Liquor License For Sizzler Likely To Hinge On Court Case

July 10, 1991|By Kerry O'Rourke | Kerry O'Rourke,Staff writer

Sizzler Restaurant, on Route 140 in Westminster, wants to sell beer and wine, but the county liquor board must decide whether the restaurant is a chain store, and thus prohibited by county law from obtaining a liquor license.

The board heard testimony at a hearing yesterday from Sizzler's owners. Board Chairman Earle H. Brewer said a written decision would be issued within 30 days.

After the hearing, however, Brewer said there is "a really good possibility" that the board will postpone a decision until after a court case involving Pizza Hut is settled.

The county has six Pizza Hut restaurants, three with liquor licenses. A fourth has applied for a license.

In November 1989, the county filed a lawsuit in CarrollCircuit Court asking the court to interpret the law. A hearing scheduled in May was postponed, and a new date has not been set.

Countyliquor law prohibits chain stores, supermarkets and discount houses from obtaining liquor licenses.

An attorney for Sizzler's owners, Walter A. Fitzgerald of Rockville, Montgomery County, and Richard Murray of Westminster, said the law was written to prohibit supermarketsand discount stores from selling alcohol.

If the legislature had meant to prohibit chain restaurants from obtaining liquor licenses, it would have specifically written that, said Linda C. Carter, an attorney based in Riverdale, Prince George's County.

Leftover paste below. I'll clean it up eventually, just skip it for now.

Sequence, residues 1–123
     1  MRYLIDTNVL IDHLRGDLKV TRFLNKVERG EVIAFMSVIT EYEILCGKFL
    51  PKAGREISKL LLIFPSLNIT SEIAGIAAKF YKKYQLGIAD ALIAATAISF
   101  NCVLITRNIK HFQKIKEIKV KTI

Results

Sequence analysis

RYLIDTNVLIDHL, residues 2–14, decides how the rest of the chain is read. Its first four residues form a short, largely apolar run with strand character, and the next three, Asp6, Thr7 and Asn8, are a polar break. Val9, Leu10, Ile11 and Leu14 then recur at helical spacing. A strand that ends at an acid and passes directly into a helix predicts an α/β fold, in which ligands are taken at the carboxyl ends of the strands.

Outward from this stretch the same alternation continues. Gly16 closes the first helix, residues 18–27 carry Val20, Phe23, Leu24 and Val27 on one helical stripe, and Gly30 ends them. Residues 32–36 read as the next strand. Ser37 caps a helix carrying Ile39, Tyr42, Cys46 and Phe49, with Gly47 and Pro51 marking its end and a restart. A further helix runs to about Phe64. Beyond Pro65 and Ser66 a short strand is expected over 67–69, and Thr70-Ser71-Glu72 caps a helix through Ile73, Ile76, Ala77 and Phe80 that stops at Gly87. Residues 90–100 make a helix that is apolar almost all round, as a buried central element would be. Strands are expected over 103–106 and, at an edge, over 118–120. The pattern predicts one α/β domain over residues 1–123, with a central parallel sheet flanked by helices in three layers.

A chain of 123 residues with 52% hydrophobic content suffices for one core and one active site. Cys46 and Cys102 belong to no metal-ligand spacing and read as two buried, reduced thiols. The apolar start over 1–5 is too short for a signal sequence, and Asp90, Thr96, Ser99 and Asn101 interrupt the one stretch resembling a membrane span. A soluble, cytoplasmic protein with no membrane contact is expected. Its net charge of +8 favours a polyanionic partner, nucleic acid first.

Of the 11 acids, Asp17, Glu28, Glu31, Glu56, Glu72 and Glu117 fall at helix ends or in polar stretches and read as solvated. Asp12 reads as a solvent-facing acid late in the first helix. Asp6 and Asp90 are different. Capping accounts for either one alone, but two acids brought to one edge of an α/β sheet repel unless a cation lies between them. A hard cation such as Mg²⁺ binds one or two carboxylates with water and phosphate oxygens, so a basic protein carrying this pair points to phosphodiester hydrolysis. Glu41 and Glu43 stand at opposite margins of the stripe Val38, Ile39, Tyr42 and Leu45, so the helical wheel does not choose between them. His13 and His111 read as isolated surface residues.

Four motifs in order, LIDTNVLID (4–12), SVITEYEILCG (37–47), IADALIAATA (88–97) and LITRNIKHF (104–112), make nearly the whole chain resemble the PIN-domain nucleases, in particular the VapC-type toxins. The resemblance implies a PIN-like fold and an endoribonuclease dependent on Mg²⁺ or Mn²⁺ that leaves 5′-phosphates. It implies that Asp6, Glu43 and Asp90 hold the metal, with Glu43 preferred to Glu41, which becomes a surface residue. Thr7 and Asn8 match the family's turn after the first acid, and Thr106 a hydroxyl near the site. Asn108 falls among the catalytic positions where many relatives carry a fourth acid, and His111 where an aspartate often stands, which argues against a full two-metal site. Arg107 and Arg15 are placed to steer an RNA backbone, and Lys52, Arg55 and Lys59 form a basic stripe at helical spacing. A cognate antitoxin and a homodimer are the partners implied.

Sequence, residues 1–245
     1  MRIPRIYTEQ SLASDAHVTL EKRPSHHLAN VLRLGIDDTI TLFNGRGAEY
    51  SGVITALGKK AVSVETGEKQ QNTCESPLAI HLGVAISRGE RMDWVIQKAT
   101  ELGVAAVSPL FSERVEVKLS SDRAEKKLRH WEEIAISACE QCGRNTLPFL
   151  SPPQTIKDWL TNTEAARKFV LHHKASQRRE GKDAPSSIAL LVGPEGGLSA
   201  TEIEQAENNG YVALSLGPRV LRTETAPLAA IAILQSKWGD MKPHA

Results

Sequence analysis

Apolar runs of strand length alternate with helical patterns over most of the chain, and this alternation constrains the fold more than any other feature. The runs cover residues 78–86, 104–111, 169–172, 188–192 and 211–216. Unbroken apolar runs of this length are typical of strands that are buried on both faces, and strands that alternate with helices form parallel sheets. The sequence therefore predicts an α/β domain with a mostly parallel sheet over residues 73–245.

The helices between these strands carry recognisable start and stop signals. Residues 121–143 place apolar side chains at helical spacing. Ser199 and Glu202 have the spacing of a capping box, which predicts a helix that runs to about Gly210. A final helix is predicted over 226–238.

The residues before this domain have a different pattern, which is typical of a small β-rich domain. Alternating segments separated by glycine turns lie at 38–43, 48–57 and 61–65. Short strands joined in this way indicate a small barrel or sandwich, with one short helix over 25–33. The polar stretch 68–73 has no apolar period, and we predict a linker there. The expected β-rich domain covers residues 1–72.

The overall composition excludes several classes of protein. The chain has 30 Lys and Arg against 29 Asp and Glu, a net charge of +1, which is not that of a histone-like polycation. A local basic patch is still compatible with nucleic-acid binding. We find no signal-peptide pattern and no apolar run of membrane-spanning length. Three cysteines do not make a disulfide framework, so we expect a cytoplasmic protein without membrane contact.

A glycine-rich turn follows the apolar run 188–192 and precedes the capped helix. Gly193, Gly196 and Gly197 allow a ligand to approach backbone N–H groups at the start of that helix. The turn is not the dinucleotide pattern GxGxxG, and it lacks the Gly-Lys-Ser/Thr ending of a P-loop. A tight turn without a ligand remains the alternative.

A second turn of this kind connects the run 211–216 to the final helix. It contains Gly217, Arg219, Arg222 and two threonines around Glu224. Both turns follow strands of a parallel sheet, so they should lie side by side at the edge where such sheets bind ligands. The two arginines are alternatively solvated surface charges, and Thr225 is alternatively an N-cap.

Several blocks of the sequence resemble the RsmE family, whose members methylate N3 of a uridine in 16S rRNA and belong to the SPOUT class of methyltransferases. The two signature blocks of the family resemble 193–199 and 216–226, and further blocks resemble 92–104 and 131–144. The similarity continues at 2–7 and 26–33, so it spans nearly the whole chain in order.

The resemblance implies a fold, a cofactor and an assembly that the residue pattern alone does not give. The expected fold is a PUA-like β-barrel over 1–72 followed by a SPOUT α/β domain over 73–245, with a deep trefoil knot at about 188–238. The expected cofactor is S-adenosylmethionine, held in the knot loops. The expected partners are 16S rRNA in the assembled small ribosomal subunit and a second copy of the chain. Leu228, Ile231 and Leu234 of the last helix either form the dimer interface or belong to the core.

Brewer said he could understand how the law could be interpreted to include certain restaurants as chain stores.

Six Sizzler restaurants elsewhere in Maryland have liquor licenses, Carter said, including one in Frederick that Fitzgerald owns.

The Sizzler in Westminster was converted from a Ponderosa restaurant about five years ago, Fitzgerald said. He has owned it since September 1989. Murray, a construction foreman, owns10 percent of the business.

The restaurant seats about 160 peopleand serves an average of 350 customers a day, but it is not profitable, he said. After obtaining a liquor license at his Sizzler in Frederick, revenue increased about 10 percent, he said.

The Frederick restaurant has had a liquor license for about 1 1/2 years. Alcohol sales are about 1 percent of total sales, he said.

Sizzler serves steak, chicken and fish and has a buffet that includes Italian, Orientaland Mexican dishes, plus salads, breads and desserts.

No one appeared at the hearing to oppose the liquor license.

In other business yesterday, the liquor board heard testimony that two Mount Airy liquor stores sold a 20-year-old Maryland State Police cadet beer on May24.

Trooper Edward K. Muller said police had received complaints that minors were being sold alcohol in a Mount Airy liquor store. Thecadet was sent to five area stores, including one in Frederick County, to try to buy beer.

He was successful at Ridgeside Spirits at 1511 Ridgeside Drive and the Olive Leaf Cafe in the Twin Arch ShoppingCenter. Owners of both places admitted they sold the cadet beer, butsaid it was the first time they had been in violation of liquor laws.

The maximum penalty for the offense is a fine of up to $2,000 and suspension of the liquor license.

The board will issue written decisions on the charges within 30 days.

Baltimore Sun Articles
Please note the green-lined linked article text has been applied commercially without any involvement from our newsroom editors, reporters or any other editorial staff.